How low-code platforms are transforming software development
Drag-and-drop platforms enable developers to assemble applications without manual programming. Toyota, ConocoPhillips, and GlobalTranz are among those enterprises leveraging low-code to create business value.
Coding sprints conducted via agile aren’t the only options CIOs have to fuel faster application development.
Enterprises are increasingly using low-code development platforms to arrange application components, including data and logic, via a drag-and-drop interface — think virtual Lego blocks that developers can move with a mouse and snap into their creations.
Low-code differs from no-code development, in which so-called citizen developers, often business analysts with little to no programming experience, use similar drag-and-drop tools to arrange applications. With low code, developers may still need to do some coding to integrate access to older applications, for reporting, and for special user interface requirements, according to Forrester Research.
The time savings associated with low-code development can be significant for companies trying to release software before their competitors or those looking to modernize legacy apps. For example, 31 percent of application developers surveyed by Forrester cited challenges in meeting business requirements in time as a result of using traditional coding with programming languages, frameworks and middleware to build applications. Thirty-six percent of developers cited using low-code to build custom-facing mobile or Web applications.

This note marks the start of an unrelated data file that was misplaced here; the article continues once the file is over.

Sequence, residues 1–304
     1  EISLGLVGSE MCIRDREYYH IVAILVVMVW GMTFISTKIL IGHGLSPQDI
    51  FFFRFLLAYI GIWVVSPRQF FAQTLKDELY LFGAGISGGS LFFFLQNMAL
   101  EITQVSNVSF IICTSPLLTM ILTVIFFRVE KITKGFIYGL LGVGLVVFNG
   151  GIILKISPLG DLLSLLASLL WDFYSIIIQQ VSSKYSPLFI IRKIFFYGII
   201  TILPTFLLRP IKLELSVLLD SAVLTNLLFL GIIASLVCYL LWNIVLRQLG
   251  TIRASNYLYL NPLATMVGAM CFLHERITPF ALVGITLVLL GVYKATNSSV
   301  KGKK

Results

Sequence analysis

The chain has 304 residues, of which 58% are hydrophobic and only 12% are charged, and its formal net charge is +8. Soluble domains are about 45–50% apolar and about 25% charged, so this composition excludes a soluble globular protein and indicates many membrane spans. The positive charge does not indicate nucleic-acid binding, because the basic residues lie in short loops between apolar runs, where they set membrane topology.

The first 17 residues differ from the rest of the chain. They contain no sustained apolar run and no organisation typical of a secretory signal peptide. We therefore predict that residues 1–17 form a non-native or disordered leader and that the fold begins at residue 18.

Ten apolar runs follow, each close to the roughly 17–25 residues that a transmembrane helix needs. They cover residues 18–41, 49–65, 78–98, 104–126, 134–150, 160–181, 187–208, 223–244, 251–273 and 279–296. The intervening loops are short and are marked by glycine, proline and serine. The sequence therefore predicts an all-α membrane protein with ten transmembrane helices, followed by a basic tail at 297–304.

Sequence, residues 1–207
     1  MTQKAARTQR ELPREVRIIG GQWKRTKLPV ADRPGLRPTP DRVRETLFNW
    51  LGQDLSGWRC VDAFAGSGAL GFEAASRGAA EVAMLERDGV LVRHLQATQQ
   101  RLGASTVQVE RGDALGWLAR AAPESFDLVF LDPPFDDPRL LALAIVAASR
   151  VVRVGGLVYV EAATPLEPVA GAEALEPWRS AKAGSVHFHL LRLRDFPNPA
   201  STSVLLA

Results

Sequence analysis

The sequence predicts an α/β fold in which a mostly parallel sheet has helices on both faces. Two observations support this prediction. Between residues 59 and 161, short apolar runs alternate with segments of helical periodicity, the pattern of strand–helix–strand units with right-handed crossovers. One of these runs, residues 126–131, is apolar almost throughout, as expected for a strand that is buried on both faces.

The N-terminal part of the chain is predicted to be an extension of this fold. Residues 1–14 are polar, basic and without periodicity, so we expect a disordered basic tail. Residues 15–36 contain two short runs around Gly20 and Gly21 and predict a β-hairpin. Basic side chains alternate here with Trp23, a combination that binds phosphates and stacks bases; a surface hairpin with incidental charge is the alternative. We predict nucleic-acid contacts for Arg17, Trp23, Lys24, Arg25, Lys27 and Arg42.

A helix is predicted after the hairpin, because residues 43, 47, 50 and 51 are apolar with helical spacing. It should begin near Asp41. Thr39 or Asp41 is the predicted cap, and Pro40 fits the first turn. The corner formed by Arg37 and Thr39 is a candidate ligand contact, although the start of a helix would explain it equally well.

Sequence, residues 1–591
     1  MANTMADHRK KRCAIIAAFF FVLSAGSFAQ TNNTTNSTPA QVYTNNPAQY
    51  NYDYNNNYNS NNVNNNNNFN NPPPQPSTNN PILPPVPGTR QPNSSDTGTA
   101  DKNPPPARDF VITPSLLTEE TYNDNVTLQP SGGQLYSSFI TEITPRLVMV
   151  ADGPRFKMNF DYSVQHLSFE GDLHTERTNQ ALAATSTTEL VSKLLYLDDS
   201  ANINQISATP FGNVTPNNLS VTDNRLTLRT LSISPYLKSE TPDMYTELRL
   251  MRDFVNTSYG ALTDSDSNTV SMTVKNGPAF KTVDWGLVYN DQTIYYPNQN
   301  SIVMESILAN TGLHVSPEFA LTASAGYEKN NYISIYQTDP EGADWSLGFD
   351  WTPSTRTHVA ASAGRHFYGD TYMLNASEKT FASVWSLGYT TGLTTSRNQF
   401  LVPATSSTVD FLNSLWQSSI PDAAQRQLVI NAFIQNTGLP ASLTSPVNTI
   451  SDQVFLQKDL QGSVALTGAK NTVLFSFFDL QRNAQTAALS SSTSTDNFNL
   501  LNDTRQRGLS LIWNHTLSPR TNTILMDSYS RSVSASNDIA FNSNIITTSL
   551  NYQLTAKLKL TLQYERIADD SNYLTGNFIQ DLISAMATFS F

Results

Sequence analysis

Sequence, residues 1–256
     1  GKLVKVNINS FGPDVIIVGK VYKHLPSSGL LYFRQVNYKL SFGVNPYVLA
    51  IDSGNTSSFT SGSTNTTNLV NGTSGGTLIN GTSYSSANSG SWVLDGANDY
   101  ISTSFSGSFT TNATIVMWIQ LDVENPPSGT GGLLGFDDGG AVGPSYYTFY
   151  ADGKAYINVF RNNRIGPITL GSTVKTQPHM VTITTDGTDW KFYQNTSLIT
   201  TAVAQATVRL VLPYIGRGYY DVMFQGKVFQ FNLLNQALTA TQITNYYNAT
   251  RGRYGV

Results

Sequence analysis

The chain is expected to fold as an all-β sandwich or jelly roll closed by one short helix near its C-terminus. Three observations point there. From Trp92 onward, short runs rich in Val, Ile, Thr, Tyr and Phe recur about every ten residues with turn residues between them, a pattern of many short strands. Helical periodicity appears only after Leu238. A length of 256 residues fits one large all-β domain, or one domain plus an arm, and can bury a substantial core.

Low-code market estimates and platforms
Prior to the COVID-19 crisis, Forrester estimated that the total market for low-code development platforms would grow more than 40 percent per year to hit $21.2 billion by 2022. Gartner meanwhile forecasts that more than 65 percent of all app development functions will be done via low-code by 2024.
To what extent the pandemic will blunt market growth is unclear. Regardless, companies have plenty of options at their disposal to get low-code up and running on the relative cheap, with Salesforce, Microsoft, Appian, Mendix and OutSystems among the leading options.
Technology managers spoke with CIO.com about their experiences using low-code in their software delivery efforts.
Low-code assists field efforts
Tasked with using data to make better decisions, Toyota Motor’s field tech operations team has implemented a low-code platform to improve the experience for automotive dealers and consumers, says Christopher Hitt, engineering supervisor for the motor vehicle manufacturer’s field tech operations. With Toyota’s operations staffers spread all over the country, the organization needed an efficient way to relay input about its products to its quality department.
Using Microsoft Power Apps, Power BI and Power Automate suite of low-code and rapid app development tools, field tech staff built apps, including forms and business intelligence reports, to capture questions and concerns expressed by dealers and customers via smartphones and relay them to Toyota’s quality division. The staff also built an app detailing how to properly install vehicle accessories and a tool to track and approve field visits to ensure that travelers are comfortable with travel requirements during the pandemic.